June 24, 2007
June 24, 2007
June 27, 2007
12.75.1 - 12.75.18
A National Model for Engineering Mathematics Education
The traditional approach to engineering mathematics education begins with one year of freshman calculus as a prerequisite to subsequent core engineering courses. However, the inability of incoming students to successfully advance through the traditional freshman calculus sequence is a primary cause of attrition in engineering programs across the country. As a result, this paper describes an NSF funded initiative at Wright State University to redefine the way in which engineering mathematics is taught, with the goal of increasing student retention, motivation and success in engineering.
This paper provides an overview of the WSU model for engineering mathematics education, followed by an assessment of student performance, perception and retention through its initial implementation1-4. It also summarizes the scope of a recent NSF CCLI Phase 2 Expansion award, which involves a multiyear assessment at WSU, pilot adoption and assessment at two collaborating institutions, and a widespread dissemination of results.
Traditionally, only about 42% of incoming freshmen who wish to pursue an engineering or computer science degree at Wright State University (WSU) ever complete the required freshman calculus sequence. The remaining 58% either switch majors or leave the University. These numbers are not unique to WSU; indeed, the inability of incoming students to successfully advance through the traditional freshman calculus sequence is a primary cause of attrition in engineering programs across the country.
Clearly, there are a variety of factors influencing student retention and success in engineering, the most notable being a lack of preparation in high school. Moreover, engineering retention is of particular concern among members of traditionally underrepresented groups, as well as among transfer students and nontraditional students returning to school from the workplace5. This has led engineering educators to introduce early intervention programs, aimed at increasing retention among incoming students6,7. The WrightSTEPP and Academic Advantage programs here at WSU are two such programs, which begin intervention with local high school students even before they begin their freshman years. In addition to early intervention programs, there has been a strong emphasis in recent years on increasing the level of engineering application early in the curriculum, with the goal of increasing student motivation to study engineering. This has led to the development of problem-based freshman engineering courses8-13, including the EGR 190 Fundamentals of Engineering course here at WSU. Such courses are typically designed to give students a broad, application-based introduction to the various engineering disciplines, so that they can begin to appreciate why they must endure the rigor of their subsequent engineering curricula.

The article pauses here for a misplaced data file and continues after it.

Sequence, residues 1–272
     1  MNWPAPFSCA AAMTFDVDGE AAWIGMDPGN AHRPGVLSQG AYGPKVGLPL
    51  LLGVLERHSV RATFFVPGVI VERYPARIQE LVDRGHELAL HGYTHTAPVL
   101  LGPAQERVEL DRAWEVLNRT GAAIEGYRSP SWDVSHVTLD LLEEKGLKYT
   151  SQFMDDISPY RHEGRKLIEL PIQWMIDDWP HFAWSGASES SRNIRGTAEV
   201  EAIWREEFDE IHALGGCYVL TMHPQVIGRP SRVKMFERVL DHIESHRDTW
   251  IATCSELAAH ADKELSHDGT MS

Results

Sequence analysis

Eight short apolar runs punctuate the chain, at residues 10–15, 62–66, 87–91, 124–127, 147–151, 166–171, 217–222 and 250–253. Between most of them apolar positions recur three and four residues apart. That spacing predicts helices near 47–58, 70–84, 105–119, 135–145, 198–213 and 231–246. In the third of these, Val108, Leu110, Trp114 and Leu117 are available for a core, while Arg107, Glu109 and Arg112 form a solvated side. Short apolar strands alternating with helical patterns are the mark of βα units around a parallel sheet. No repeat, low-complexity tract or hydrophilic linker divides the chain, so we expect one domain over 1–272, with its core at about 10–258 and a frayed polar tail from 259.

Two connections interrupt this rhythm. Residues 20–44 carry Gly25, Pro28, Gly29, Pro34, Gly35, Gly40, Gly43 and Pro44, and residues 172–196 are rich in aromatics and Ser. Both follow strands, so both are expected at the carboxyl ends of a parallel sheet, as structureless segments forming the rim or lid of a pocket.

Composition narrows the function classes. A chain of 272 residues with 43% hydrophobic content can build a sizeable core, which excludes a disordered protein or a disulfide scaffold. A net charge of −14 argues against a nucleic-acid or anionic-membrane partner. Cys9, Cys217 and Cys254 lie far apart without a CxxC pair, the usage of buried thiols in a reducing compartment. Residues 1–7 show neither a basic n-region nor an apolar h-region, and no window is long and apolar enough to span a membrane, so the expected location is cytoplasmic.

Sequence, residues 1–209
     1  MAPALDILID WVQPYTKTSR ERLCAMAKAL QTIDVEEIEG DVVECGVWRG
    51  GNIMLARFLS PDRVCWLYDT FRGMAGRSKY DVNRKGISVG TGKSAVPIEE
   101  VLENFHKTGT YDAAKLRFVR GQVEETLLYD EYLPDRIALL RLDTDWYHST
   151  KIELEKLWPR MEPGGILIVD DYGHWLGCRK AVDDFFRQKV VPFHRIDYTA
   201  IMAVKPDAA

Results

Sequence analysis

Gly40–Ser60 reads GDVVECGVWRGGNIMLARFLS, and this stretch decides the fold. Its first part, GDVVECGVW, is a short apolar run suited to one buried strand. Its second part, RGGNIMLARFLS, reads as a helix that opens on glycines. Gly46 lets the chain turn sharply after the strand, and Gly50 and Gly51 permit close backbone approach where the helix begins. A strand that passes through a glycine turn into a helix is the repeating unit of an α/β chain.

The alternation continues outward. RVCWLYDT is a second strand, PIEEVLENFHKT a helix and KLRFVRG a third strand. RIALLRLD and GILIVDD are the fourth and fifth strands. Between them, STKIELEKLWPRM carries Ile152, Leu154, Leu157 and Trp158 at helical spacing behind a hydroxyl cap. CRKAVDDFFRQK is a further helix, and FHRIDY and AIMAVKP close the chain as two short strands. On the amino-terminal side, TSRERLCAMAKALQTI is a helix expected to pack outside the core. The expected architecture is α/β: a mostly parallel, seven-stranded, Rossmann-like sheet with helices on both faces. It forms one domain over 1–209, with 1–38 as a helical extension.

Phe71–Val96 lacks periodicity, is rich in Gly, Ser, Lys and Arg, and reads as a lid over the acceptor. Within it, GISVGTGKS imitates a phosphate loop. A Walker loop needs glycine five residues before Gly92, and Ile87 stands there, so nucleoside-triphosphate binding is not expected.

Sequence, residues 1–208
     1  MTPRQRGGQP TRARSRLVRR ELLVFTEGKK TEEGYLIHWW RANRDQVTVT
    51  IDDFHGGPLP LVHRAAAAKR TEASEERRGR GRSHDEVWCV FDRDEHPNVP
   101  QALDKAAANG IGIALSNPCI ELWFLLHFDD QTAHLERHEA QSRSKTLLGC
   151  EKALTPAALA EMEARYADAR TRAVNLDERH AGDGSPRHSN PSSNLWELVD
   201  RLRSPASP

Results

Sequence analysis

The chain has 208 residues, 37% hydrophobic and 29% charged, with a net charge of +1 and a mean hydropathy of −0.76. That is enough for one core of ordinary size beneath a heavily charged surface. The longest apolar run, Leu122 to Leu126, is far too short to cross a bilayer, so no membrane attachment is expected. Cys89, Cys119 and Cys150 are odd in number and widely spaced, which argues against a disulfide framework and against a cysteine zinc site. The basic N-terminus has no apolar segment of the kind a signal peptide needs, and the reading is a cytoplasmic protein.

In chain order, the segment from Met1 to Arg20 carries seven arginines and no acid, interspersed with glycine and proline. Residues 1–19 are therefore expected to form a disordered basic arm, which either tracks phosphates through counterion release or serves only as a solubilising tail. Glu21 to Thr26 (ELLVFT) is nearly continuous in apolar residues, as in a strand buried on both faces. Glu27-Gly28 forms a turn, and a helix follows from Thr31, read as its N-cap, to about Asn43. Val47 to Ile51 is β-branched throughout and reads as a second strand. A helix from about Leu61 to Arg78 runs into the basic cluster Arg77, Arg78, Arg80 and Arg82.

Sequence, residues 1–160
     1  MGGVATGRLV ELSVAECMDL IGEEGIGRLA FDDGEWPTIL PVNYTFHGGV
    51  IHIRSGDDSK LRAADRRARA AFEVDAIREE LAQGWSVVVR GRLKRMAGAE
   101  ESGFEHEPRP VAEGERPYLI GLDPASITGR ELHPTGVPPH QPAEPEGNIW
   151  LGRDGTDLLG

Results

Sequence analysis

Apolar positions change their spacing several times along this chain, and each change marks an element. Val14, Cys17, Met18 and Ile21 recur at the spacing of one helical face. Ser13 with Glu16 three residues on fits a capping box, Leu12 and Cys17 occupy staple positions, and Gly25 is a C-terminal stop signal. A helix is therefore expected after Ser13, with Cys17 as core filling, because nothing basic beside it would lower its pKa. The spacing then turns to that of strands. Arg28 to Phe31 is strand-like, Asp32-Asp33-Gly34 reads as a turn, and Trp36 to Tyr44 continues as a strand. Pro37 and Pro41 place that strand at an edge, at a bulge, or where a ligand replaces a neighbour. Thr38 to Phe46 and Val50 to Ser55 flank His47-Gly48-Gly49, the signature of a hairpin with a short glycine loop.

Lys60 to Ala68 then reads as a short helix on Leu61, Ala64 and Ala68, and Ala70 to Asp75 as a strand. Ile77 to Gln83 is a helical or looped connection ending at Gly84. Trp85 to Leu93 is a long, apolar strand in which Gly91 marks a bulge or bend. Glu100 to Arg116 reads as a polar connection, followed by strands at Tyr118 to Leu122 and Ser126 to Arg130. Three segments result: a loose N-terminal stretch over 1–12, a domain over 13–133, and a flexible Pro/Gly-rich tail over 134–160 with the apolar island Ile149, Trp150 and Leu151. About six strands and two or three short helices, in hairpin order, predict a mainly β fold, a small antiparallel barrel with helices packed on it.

Klingbeil, N., & Rattan, K., & Raymer, M., & Reynolds, D., & Mercer, R., & Kukreti, A., & Randolph, B. (2007, June), A National Model For Engineering Mathematics Education Paper presented at 2007 Annual Conference & Exposition, Honolulu, Hawaii. 10.18260/1-2--2104
ASEE holds the copyright on this document. It may be read by the public free of charge. Authors may archive their work on personal websites or in institutional repositories with the following citation: © 2007 American Society for Engineering Education. Other scholars may excerpt or quote from these materials with the same citation. When excerpting or quoting from Conference Proceedings, authors should, in addition to noting the ASEE copyright, list all the original authors and their institutions and name the host city of the conference. - Last updated April 1, 2015